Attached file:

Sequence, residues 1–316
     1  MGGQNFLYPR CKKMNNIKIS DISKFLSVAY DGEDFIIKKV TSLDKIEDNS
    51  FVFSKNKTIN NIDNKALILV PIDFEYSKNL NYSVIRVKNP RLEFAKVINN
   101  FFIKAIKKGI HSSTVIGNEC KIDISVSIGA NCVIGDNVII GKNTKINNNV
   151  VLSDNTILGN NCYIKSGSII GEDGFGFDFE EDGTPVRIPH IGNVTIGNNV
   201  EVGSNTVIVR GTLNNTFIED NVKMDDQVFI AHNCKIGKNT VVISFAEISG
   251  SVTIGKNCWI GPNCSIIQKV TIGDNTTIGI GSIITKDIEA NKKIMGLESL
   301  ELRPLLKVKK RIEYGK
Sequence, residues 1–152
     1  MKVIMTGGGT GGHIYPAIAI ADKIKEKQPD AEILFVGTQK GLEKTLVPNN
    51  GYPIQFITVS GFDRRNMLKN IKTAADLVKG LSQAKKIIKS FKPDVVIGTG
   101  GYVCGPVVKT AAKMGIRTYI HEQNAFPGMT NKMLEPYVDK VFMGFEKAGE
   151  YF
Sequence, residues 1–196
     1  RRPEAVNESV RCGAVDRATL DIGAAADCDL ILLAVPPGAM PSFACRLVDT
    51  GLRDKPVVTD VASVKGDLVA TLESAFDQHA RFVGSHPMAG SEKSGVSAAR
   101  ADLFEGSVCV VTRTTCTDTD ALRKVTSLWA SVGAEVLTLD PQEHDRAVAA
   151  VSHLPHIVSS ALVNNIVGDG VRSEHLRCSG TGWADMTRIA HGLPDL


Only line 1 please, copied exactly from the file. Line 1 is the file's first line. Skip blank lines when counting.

Sequence, residues 1–316